Coach Bruce Boudreau describes what it's like to coach Alex Semin.
Call it a hunch. Call it a feeling. Call it wishful thinking. But Caps' coach Bruce Boudreau just knew Alex Semin was going to do something special Wednesday night in Game 1 of the Stanley Cup playoffs.
It was a long shot, really, since Semin hadn't scored a playoff goal in nearly two years.
But he was right. Semin ripped a wicked one-timer past Rangers' netminder Henrik Lundqvist 18:24 into overtime to end his long goal drought and give the Caps a 2-1 win and a 1-0 lead in the best-of-seven series.
After the game, Boudreau explained his clairvoyance.
"You can tell, as a guy who has coached Alex for a long time now in this league, when he's on, when he's into it and when he's really good," Boudreau said. "I thought from the moment they dropped the puck, that he wants this. He knows that he hasn't scored in a while in the playoffs. To come in and get a goal and an assist ... it's a true tell of how bad you want it. I thought it was fitting that he scored the overtime goal."
Semin's goal was a direct result of a Marc Staal turnover in his own end. He tried to lift the puck out of the corner to the left of his net, only to have Jason Arnott pick it off. The vet quickly spotted Semin, who opened up for the one-timer in the slot and fed him a perfect pass that "Sasha" blew by Lundqvist.
Semin also picked up an assist on the game-tying goal with just over six minutes left in regulation, by doing some dirty work in the crease. Yes, that's right, the crafty winger who likes to stay to the outside stuck his nose in and helped Alex Ovechkin push the puck past Lundqvist for the equalizer.
His two-point night got that large ape off his shoulders. And it also meant he had to face the media afterward, which is something he rarely does, and doesn't look at all comfortable doing.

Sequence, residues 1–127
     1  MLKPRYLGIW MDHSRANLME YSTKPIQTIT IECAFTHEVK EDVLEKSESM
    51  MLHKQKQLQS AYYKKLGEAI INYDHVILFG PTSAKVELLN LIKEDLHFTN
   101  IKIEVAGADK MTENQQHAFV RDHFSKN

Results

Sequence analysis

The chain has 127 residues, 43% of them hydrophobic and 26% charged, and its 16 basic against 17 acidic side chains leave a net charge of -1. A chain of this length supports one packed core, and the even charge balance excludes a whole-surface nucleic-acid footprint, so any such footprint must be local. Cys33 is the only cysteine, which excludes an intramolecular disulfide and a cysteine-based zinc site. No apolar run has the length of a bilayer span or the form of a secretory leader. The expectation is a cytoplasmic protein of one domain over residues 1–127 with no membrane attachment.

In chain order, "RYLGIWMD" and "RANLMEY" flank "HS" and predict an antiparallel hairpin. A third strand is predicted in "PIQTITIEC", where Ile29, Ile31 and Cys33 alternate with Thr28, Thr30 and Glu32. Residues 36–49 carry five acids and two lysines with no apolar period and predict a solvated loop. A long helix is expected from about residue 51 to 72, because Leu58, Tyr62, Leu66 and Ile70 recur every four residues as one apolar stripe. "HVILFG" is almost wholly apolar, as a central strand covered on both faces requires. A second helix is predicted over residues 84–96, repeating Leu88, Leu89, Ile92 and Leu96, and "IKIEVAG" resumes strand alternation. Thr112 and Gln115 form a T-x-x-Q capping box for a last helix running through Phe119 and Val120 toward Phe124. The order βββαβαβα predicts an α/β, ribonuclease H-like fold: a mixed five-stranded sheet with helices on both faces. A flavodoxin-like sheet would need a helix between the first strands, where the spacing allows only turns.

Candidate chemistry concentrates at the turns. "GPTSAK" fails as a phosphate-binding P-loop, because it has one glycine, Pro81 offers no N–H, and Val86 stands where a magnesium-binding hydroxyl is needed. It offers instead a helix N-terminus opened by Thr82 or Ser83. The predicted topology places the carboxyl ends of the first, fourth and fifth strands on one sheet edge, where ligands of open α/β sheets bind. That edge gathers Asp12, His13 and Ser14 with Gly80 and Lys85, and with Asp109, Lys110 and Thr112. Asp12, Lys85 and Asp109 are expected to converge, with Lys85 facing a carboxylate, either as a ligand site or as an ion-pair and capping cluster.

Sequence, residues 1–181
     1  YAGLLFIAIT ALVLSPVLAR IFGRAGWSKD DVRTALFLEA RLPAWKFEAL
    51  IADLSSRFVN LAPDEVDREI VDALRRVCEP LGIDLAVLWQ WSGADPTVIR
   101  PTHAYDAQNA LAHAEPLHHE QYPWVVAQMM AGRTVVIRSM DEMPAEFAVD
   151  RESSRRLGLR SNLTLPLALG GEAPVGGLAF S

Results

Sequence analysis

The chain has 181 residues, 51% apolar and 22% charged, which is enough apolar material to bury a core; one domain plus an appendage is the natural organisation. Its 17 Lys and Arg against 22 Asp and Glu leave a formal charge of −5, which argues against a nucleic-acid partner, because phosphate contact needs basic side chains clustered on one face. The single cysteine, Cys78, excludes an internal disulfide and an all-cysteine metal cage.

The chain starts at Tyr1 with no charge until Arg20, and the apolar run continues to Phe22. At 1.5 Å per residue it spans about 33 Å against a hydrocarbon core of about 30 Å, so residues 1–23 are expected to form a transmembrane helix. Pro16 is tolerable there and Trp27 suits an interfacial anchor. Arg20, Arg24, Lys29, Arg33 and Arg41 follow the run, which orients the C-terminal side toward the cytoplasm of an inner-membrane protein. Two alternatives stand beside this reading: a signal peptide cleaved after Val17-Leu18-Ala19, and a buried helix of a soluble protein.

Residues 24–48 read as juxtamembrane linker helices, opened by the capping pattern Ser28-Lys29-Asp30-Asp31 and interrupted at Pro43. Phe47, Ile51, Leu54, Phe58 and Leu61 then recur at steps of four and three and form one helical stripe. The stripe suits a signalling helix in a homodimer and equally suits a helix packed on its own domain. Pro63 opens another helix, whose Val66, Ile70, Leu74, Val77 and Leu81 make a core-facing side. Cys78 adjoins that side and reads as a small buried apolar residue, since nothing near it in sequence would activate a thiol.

He used a translator to give his answers to the press in the Caps' locker room.
"I feel great, we won the game, that's the most important thing," he said, adding the following about his goal: "I just saw the puck get intercepted. It was a positional play. I tried to get open and shoot as soon as possible because the defenseman was right there."
He also knew that if he gave Lundqvist time, the great Swedish goalie probably would find a way to stop the puck. That's something he did all game, frustrating the Caps with great save after great save. Sure, he got some help from the pipes, but it all was just adding to the Lundqvist lure (remember the Halak curse of a year ago?) until Ovi's goal broke the seal.
"We couldn't get a nice goal on him, so we scored a junk goal," Semin said. Just pushed it in. That works."
The theater surrounding the video review was just a warm-up for overtime, as both tiring teams tried desperately to net the game-winner.
In the end, that job fell to Semin, who -- unlike in years' past -- was able to finally (finally!) cash in.
It was a big relief, not only for this night, but for a Caps' squad that knows it won't go far in the postseason without Sasha scoring these big goals.
"For our team, we're not getting anywhere without Alex Semin scoring," Boudreau said.
"We're all happy for Sasha, because last year he was a little bit upset he didn't score any goals," Ovechkin said. "Right now it's very important for him to step up and show his leadership."
And if he keeps scoring goals, he'll even have to talk to the media some more. But he assures us that won't be a problem.
"No, it's alright guys," he said via a translator at the end of his interview. "Don't worry."